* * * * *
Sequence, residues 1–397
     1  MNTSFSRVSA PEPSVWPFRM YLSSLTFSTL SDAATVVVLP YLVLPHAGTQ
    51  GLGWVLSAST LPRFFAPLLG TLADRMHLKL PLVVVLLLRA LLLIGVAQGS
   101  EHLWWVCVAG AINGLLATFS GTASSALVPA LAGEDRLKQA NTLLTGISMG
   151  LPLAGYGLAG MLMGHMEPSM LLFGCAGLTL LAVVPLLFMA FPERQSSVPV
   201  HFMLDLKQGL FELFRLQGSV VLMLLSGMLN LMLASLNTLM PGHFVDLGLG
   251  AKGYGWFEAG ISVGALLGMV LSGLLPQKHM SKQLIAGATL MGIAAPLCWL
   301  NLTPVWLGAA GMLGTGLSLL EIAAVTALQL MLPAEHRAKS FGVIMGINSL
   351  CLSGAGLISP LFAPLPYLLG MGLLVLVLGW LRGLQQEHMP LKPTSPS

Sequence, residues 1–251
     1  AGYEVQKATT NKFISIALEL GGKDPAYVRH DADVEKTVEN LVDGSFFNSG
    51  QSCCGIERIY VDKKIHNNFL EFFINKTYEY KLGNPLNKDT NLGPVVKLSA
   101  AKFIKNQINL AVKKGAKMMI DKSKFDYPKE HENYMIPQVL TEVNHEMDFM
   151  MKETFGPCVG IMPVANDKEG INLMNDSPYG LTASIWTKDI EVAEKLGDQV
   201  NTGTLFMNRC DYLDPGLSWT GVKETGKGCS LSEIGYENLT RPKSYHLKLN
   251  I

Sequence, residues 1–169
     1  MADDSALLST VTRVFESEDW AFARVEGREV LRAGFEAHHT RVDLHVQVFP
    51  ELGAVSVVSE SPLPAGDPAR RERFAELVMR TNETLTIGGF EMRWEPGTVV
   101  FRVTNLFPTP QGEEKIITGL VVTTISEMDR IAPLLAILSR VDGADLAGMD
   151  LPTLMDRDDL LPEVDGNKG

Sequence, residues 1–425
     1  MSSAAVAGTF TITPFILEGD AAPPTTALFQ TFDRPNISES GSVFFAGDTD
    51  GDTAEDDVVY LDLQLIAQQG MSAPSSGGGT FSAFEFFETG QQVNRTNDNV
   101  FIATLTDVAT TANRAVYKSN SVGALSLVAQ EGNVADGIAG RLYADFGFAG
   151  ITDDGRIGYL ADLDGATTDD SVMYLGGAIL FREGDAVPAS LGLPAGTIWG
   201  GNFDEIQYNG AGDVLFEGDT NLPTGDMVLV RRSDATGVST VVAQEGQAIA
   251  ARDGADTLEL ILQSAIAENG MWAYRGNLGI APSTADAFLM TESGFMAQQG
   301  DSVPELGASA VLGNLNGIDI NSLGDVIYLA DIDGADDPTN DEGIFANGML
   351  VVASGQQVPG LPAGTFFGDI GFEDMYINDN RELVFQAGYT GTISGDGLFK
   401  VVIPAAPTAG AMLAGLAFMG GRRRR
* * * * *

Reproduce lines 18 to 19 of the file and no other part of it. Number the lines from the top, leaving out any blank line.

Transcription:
     1  MADDSALLST VTRVFESEDW AFARVEGREV LRAGFEAHHT RVDLHVQVFP
    51  ELGAVSVVSE SPLPAGDPAR RERFAELVMR TNETLTIGGF EMRWEPGTVV